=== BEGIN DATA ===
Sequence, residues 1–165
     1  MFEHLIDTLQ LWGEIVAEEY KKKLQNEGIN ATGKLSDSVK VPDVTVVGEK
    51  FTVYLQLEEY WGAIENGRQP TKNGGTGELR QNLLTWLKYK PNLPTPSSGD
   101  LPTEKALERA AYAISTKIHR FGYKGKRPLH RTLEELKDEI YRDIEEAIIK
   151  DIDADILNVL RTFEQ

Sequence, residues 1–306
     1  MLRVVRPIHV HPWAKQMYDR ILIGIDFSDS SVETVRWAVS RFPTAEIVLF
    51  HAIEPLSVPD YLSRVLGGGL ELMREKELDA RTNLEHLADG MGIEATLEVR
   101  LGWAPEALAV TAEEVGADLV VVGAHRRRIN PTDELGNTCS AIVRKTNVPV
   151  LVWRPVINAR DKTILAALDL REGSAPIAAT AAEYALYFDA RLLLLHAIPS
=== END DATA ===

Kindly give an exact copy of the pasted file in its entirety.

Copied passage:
Sequence, residues 1–165
     1  MFEHLIDTLQ LWGEIVAEEY KKKLQNEGIN ATGKLSDSVK VPDVTVVGEK
    51  FTVYLQLEEY WGAIENGRQP TKNGGTGELR QNLLTWLKYK PNLPTPSSGD
   101  LPTEKALERA AYAISTKIHR FGYKGKRPLH RTLEELKDEI YRDIEEAIIK
   151  DIDADILNVL RTFEQ

Sequence, residues 1–306
     1  MLRVVRPIHV HPWAKQMYDR ILIGIDFSDS SVETVRWAVS RFPTAEIVLF
    51  HAIEPLSVPD YLSRVLGGGL ELMREKELDA RTNLEHLADG MGIEATLEVR
   101  LGWAPEALAV TAEEVGADLV VVGAHRRRIN PTDELGNTCS AIVRKTNVPV
   151  LVWRPVINAR DKTILAALDL REGSAPIAAT AAEYALYFDA RLLLLHAIPS